wilson : tahiti surfriding, 1800
In the afternoon,
Pomarre and Iddeah, (Otto's father and mother) paid their first visit to
the ship: besides his usual attendants, a number of others had put themselves
in his train.
When alongside, he refused to come further till he saw the captain, upon whose appearance he ascended the side, and coming on the quarter-deck, wrapped four pieces of cloth round the captain, as bis own present; then taking that off, repeated the like operation in the name of Iddeah.
The bay of Matavai
affords safe anchorage during eight monthslIi the year;but is dangerous
from December to March: the bottom is a blackish sand, from six to eighteen
The channeI between the reef and the Dolphin Rock,on which the water is on]y thirteen feet in the shallowest part, extends mre than half a cable's length, but has twenty-two fathoms of water; yet, in a weak-manned ship, this passage seems preferable to passing to the west-ward of the rock, as it
frequently happens that the wind comes off in squalls from one tree hill in a southern direction, and often falls into a dead calm.
Both of these disadvantages may be avoided by keping the reef close aboard, with ten fathoms water, bringing to where you please; as there is no foul ground to windward of the Dolphin Bank, nor any rocks but what are visible.
The sunken rocks, called Toa, the natives know, and are ready to point out.
The only harbour to the westward is that of Oparre, called Tora-roa, or Long Rock.
They are uniformly excellent swimmers and divers; it was affirmed that one of the natives swam from Otaheite to Eimeoi (15 miles;) he was in consequence esteemed and worshipped as a god; for they declared that as the channel was infested with numerous sharks, and the distance so great, none but a god could pass safely.
They have various
sports and amusements; swimming in the surf appears to afford them singular
At this sport they are very dexterous; and the diversion is reckoned great in proportion as the surf runs highest and breaks with the most violence: they will continue it for hours together, till theyare tired.
Some use a small board, about two feet and a half long, formed with a sharp point, like the fore part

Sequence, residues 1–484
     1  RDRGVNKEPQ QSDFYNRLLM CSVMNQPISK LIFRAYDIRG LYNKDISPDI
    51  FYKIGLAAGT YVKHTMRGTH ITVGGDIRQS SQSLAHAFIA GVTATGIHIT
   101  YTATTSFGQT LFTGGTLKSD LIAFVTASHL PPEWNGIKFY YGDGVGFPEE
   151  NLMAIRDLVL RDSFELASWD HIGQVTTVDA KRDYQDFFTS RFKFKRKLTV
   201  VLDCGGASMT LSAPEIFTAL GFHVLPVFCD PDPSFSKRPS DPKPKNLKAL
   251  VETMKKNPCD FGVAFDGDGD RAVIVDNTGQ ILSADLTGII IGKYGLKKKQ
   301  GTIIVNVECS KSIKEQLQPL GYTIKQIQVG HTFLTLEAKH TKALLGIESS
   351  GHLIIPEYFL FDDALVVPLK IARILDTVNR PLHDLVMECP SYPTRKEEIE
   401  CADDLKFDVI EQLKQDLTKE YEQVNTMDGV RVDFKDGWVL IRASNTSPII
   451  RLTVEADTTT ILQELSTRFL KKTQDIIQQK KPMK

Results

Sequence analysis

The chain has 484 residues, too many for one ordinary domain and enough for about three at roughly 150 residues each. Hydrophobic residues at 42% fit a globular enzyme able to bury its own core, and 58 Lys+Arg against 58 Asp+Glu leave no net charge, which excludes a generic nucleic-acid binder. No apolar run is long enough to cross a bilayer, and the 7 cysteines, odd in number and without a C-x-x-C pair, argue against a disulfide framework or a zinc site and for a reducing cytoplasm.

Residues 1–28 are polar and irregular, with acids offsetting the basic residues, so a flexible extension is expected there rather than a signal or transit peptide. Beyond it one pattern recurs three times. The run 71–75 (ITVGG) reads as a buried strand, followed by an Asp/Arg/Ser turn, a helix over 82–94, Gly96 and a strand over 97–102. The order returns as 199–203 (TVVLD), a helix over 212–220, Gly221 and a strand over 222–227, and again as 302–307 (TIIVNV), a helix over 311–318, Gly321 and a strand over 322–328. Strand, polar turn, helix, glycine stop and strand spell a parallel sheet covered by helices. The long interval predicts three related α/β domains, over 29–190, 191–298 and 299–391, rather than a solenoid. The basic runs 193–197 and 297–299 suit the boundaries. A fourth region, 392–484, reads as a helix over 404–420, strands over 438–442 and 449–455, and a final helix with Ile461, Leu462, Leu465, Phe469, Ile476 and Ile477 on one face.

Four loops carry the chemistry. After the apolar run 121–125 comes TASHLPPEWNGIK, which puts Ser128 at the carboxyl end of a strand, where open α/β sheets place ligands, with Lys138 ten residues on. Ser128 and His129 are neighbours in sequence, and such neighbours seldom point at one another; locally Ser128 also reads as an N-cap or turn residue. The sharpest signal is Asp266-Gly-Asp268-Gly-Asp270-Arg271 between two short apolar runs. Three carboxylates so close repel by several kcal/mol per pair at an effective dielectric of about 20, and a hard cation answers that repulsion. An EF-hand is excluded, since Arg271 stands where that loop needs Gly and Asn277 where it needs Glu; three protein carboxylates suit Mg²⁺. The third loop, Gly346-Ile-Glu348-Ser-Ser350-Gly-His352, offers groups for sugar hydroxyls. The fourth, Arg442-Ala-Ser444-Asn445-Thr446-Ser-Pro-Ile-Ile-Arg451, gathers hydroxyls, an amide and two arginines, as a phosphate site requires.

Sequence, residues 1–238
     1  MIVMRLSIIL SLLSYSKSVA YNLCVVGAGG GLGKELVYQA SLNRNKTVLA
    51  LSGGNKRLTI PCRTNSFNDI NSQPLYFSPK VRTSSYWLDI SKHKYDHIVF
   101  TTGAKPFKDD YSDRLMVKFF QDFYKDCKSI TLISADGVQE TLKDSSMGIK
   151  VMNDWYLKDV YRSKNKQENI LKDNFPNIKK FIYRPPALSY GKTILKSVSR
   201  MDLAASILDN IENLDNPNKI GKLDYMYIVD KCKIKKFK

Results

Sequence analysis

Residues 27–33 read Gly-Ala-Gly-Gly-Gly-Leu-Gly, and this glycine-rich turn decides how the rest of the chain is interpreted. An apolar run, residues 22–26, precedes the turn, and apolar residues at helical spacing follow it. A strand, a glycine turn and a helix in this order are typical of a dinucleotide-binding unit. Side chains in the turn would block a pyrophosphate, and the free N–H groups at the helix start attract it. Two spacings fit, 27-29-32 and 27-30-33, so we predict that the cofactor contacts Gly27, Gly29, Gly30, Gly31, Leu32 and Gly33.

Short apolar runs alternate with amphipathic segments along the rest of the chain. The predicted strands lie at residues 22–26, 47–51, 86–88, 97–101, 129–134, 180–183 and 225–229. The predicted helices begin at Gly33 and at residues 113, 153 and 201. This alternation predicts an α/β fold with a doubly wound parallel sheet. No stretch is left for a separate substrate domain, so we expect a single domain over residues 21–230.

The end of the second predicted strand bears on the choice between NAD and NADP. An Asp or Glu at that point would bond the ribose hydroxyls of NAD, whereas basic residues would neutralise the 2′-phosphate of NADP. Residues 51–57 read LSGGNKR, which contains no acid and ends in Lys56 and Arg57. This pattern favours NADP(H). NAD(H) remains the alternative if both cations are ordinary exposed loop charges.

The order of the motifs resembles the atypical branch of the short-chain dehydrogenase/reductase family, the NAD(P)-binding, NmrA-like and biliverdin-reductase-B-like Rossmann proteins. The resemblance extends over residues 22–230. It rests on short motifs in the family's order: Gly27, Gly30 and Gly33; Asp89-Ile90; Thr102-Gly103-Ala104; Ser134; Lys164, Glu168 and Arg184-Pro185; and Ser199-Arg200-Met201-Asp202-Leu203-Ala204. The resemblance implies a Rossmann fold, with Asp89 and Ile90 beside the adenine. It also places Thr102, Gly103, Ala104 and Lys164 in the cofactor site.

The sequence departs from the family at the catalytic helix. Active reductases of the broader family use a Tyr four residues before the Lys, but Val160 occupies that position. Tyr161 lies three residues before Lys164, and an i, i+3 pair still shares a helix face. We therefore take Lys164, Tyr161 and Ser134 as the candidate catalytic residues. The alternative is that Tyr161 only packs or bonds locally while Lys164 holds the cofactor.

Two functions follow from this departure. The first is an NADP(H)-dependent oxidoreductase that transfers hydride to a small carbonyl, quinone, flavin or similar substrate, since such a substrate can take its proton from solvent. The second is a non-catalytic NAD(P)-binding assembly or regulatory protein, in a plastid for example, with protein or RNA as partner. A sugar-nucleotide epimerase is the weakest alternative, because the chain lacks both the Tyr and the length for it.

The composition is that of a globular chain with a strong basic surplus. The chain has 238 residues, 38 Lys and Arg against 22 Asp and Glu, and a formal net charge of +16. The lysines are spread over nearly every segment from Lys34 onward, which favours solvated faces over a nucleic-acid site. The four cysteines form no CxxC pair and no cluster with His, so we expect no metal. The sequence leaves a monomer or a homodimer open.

of a canoe; but others depend wholly on their own dexterity.
They swim out beyond the swell of the surf, which they follow as it rises, throwing themselves on the top of the wave, and steering with one leg, ...
... whilst the other is raised out of the water, their breast reposing on the plank, and moving themselves forward with one hand, they are carried with amazing velocity, till the surf is ready to break on the shore, when, in a moment, they steer themselves with so quick a motion as to dart head foremost through the wave, and, rising on the outside, swim back again to the place where the surf begins to swell, diving all the way through the waves, which are running furiously on the shore.
In the course
of this amusement they sometimes strike against each other, when many are
together; those who are coming on not being able to stop their motion, and those who are moving the
contrary way, unable to keep at a sufficient distance, so that they are carried together by the rushing wave, and hurled neck and heels on shore before thay can disembarrass themselves, and get much bruised in their landing.
The women are very dexterous at this sport; and Iddeab, the queen-mother, is considered the most expert in the whole island.
The children take the same diversion in a weaker surf, learning to swim as soon as tbey can walk, and seldom meet with any accident except being dashed on the beach; but hardly is ever is a person drowned.
If a shark comes in amoung them, they surround him, and force him on shore, if they get him into the surf, though they use no instrument for the purpose: and should he escape, they continue their sport without fear.